The Song of the Sons
(notes by Alastair Wilson
and John Radcliffe)
We come, united, from the corners of the world to offer far more to our Mother-country than those who preach treason—tired politicians and their bestial supporters.The Theme
Turn away from them, and pay regard to the rest of your empire—be proud of what your sons have done.
We would like to tell those at home what we have achieved, honestly, unlike those who would sell their votes and allegiance.
We, your sons, bring only our Love, unfettered and unconditional. Listen to us, calling from all the seven seas.:
Actively pursuing the propagandist impulse—to create an imperial enthusiasm—the next phase of this sequence, `The Song of the Sons', imagined the beginning of the new age. England, the `Mother', was `From the whine of a dying man, from the snarl of a wolf-pack freed'. Once more this was a bitter reference to the previous political dominance of the Liberals, now seen to be at an end with the passing of Gladstone, who had retired and was dying from cancer—though still sending forth some astringent political comments.See also "The Native-Born" (1895).
The new political era, in contrast with the old, was to be one of integrity and honour. A government which lent `our hearts for a fee' would be replaced by one that worked `without promise or fee' and whose great purpose would be to seek kinship with all those `that were bred overseas'. If the `Mother' will only be `proud of thy seed' and 'Judge' that her sons `are ... men of The Blood', then she could be assured that `the world is thine'.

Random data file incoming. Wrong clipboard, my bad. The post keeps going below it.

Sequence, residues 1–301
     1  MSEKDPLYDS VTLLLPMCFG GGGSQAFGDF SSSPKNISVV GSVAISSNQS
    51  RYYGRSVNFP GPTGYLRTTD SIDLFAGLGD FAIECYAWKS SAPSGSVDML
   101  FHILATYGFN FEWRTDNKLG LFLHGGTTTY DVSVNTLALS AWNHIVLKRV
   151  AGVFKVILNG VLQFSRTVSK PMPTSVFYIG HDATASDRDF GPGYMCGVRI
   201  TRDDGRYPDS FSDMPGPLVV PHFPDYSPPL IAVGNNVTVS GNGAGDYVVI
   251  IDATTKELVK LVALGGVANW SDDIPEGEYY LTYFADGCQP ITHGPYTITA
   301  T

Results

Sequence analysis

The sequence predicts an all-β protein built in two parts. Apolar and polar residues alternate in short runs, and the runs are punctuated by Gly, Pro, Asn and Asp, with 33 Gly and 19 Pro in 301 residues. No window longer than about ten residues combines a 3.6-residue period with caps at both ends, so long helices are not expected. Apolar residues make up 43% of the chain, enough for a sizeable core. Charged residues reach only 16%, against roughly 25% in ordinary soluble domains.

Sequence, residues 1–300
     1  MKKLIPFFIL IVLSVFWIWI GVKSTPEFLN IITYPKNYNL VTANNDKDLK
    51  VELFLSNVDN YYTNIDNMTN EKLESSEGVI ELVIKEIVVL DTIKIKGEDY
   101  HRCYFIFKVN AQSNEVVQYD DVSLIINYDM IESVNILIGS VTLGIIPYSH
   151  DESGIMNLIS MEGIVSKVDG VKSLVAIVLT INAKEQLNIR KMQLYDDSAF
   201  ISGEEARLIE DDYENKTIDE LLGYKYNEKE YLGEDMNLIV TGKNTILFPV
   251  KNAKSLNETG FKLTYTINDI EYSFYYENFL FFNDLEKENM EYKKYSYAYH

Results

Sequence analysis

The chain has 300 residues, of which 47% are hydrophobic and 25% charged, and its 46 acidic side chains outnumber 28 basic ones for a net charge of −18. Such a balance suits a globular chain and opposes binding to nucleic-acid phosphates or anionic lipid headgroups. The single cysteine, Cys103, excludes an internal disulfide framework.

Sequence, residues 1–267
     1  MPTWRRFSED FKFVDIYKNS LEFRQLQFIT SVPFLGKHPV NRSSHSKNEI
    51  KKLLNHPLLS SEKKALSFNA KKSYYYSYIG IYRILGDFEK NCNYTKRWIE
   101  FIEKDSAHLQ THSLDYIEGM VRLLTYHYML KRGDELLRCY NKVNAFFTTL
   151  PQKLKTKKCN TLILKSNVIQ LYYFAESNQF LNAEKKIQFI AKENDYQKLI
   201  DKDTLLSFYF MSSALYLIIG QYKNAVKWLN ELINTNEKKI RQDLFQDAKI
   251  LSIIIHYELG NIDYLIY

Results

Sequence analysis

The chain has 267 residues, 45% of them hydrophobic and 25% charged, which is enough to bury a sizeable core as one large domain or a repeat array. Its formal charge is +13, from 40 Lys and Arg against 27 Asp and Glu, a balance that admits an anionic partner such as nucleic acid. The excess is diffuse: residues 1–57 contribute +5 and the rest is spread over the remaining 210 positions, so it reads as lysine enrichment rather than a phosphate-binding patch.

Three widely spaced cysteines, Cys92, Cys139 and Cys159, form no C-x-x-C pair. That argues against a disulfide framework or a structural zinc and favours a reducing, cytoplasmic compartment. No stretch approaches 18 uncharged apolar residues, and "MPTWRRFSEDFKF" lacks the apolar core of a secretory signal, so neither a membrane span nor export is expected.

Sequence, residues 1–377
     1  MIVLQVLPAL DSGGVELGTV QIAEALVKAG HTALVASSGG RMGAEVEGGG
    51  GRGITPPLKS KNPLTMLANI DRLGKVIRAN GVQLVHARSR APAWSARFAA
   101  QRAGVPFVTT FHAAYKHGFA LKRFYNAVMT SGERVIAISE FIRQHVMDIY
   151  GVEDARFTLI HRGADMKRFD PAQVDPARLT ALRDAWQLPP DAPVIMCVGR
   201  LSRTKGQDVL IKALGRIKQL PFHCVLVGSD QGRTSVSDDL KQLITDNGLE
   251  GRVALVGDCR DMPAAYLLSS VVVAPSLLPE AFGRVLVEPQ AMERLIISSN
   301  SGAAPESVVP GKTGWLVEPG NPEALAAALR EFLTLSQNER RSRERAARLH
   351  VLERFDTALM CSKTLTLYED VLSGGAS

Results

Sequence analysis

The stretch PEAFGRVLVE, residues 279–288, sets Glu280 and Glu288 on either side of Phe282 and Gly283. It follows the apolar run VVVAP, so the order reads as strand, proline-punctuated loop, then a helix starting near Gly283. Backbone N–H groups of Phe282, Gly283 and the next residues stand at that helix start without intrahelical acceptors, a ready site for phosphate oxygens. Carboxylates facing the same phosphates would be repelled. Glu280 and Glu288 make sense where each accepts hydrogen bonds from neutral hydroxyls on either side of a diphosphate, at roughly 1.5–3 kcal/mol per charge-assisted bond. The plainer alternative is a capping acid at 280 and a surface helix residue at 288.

They have no Law. They are outcasts. They have no speech of their own, but use the stolen words which they overhear when they listen, and peep, and wait up above in the branches. Their way is not our way. They are without leaders. They have no remembrance. They boast and chatter and pretend that they are a great people about to do great affairs in the Jungle, but the falling of a nut turns their minds to laughter and all is forgotten.